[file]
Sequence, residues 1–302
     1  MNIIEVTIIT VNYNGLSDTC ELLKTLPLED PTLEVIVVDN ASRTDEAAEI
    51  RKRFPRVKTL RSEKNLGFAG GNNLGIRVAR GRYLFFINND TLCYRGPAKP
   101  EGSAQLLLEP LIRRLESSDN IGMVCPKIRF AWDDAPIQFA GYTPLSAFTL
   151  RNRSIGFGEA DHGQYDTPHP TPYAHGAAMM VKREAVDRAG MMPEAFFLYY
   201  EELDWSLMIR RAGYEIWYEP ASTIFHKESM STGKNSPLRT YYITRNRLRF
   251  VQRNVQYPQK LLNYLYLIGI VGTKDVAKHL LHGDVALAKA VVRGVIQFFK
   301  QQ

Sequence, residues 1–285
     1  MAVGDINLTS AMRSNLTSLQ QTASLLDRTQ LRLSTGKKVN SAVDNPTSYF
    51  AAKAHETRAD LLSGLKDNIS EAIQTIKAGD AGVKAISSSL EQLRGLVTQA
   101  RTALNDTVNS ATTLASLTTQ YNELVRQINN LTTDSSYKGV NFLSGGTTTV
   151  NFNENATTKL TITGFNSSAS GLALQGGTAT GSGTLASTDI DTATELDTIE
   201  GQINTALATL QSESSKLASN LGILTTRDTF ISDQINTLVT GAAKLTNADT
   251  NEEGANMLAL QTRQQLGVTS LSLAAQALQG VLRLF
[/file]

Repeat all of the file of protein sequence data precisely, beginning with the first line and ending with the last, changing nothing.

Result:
Sequence, residues 1–302
     1  MNIIEVTIIT VNYNGLSDTC ELLKTLPLED PTLEVIVVDN ASRTDEAAEI
    51  RKRFPRVKTL RSEKNLGFAG GNNLGIRVAR GRYLFFINND TLCYRGPAKP
   101  EGSAQLLLEP LIRRLESSDN IGMVCPKIRF AWDDAPIQFA GYTPLSAFTL
   151  RNRSIGFGEA DHGQYDTPHP TPYAHGAAMM VKREAVDRAG MMPEAFFLYY
   201  EELDWSLMIR RAGYEIWYEP ASTIFHKESM STGKNSPLRT YYITRNRLRF
   251  VQRNVQYPQK LLNYLYLIGI VGTKDVAKHL LHGDVALAKA VVRGVIQFFK
   301  QQ

Sequence, residues 1–285
     1  MAVGDINLTS AMRSNLTSLQ QTASLLDRTQ LRLSTGKKVN SAVDNPTSYF
    51  AAKAHETRAD LLSGLKDNIS EAIQTIKAGD AGVKAISSSL EQLRGLVTQA
   101  RTALNDTVNS ATTLASLTTQ YNELVRQINN LTTDSSYKGV NFLSGGTTTV
   151  NFNENATTKL TITGFNSSAS GLALQGGTAT GSGTLASTDI DTATELDTIE
   201  GQINTALATL QSESSKLASN LGILTTRDTF ISDQINTLVT GAAKLTNADT
   251  NEEGANMLAL QTRQQLGVTS LSLAAQALQG VLRLF